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Condensed and Living Matter Seminar Series – “Optical Neural Networks for Faster AI and Superresolution Imaging”

April 3 at 3:30 PM - 5:00 PM

Although machine intelligence is taking over the world, its current digital electronic platform is very inefficient in terms of energy consumption. Switching to analogue computation, which function more like human brains than digital computers, will allow enhancing the energy efficiency by several orders of magnitude. Optics presents a particularly promising platform for analogue AI; however, significant challenges – particularly in the domain of neural network training – must be overcome before it can compete with its digital counterpart. A likely upcoming range of applications of optical neuron networks is in computer vision, as they will allow eliminating the bottleneck associated with back-and forth conversion of data between optical and electronic formats. A further benefit of optical processing is enhancing the quality of imaging. For example, it allows reaching the quantum frontier of imaging resolution beyond Rayleigh’s diffractive limit which applies to most of the modern classical imaging technology.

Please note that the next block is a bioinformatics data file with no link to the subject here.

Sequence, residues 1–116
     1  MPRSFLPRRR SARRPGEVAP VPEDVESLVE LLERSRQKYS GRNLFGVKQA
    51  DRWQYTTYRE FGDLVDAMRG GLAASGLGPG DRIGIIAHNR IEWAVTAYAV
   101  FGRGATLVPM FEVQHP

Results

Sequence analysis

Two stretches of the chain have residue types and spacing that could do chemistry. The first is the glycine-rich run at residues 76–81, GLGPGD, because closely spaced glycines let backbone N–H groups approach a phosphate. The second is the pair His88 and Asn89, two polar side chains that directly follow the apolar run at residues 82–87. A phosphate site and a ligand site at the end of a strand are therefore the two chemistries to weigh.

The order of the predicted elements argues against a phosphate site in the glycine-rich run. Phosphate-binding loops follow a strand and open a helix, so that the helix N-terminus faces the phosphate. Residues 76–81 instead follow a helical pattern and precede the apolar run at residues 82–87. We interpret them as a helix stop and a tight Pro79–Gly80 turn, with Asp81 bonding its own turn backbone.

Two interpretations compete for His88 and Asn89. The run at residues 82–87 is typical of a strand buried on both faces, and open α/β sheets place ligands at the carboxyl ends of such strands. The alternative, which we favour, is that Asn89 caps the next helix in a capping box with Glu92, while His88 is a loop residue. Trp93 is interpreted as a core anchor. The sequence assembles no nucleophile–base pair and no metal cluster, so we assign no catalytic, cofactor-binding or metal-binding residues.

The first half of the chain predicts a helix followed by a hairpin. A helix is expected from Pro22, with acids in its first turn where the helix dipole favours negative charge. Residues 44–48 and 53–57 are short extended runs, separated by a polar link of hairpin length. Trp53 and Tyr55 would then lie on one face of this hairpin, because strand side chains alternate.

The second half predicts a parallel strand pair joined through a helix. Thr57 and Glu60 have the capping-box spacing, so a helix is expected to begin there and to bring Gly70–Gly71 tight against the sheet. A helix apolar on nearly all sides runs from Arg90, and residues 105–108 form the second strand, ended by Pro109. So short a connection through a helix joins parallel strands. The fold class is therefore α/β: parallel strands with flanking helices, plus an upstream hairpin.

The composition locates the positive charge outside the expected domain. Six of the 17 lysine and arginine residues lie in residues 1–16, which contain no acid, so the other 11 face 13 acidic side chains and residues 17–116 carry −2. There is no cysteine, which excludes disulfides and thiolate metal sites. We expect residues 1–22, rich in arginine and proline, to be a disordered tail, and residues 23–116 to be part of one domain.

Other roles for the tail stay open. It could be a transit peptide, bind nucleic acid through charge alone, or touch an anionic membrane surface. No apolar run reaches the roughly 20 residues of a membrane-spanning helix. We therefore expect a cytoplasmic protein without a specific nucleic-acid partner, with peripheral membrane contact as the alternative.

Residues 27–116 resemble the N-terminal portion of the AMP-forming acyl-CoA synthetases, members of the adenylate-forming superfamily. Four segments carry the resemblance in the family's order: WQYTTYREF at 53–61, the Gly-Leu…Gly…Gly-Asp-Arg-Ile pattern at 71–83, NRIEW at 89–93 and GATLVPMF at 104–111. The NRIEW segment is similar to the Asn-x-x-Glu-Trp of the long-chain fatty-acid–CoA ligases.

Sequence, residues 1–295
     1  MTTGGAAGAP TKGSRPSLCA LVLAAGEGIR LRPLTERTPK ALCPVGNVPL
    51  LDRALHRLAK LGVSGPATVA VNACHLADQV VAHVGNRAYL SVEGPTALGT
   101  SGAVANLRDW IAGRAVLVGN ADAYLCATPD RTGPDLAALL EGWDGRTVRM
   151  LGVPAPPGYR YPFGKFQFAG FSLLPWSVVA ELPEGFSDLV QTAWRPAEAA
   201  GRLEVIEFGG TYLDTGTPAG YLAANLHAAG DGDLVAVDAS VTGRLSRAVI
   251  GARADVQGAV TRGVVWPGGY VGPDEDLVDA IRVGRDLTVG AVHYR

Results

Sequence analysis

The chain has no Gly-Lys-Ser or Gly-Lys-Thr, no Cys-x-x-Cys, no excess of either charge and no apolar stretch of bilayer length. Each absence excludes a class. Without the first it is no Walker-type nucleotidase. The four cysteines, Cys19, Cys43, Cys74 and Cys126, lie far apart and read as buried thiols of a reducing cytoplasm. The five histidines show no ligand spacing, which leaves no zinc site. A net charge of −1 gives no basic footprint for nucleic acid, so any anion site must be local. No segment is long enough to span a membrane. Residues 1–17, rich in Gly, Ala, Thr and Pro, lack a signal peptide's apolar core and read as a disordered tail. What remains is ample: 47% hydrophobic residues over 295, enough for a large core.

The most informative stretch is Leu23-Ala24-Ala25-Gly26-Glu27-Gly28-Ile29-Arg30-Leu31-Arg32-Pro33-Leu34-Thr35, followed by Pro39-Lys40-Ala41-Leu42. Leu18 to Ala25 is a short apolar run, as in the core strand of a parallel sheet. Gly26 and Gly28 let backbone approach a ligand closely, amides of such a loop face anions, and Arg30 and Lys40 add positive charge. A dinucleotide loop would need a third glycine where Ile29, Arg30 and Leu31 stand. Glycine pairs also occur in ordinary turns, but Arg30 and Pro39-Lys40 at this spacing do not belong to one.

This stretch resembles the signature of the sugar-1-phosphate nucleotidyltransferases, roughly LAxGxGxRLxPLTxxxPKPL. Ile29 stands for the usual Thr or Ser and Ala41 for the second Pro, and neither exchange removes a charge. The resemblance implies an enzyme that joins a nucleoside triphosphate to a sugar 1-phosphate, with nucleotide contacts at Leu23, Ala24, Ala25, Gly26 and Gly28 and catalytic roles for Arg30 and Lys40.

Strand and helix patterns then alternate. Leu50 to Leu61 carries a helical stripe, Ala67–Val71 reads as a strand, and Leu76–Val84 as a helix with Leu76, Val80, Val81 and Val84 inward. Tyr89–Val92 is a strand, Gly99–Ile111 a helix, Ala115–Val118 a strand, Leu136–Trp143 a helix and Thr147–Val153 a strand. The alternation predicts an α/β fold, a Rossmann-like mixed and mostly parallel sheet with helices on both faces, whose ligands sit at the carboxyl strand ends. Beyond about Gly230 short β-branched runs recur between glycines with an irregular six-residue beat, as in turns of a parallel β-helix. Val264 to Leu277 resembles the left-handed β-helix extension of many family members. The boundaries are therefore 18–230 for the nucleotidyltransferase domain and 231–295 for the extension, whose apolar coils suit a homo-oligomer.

Dr. Alex Lvovsky

Professor, University of Oxford

Alexander Lvovsky is an experimental physicist. He was born and raised in Moscow and did his undergraduate in Physics at the Moscow Institute of Physics and Technology. In 1993, he became a graduate student in Physics at Columbia University in New York City. His thesis research, conducted under the supervision of Dr. Sven R. Hartmann, was in the field of coherent optical transients in atomic gases. After completing his Ph. D. in 1998, he spent a year at the University of California, Berkeley as a postdoctoral fellow in the Department of Physics, and then five years at Universität Konstanz in Germany, first as an Alexander von Humboldt postdoctoral fellow, then as a research group leader in quantum-optical information technology. In 2004 he became Professor in the Department of Physics and Astronomy at the University of Calgary, and from autumn 2018, a professor at the University of Oxford. Between 2011 and 2022, he was involved in establishing the Russian Quantum Center and subsequently led a research group there. Alexander is a past Canada Research Chair, a lifetime member of the American Physical Society, a Fellow of the Optical Society and a winner of many awards – most notably the International Quantum Communications award, commendation letter from the Prime Minister of Canada and the Emmy Noether research award of the German Science Foundation. His work has been featured by CBC, NBC, Wired, New Scientist, MIT Technology Review, the Guardian, TASS and even Daily Mail.


April 3
3:30 PM - 5:00 PM
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Electrical and Systems Engineering
Physics & Astronomy


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Philadelphia, PA 19104 United States
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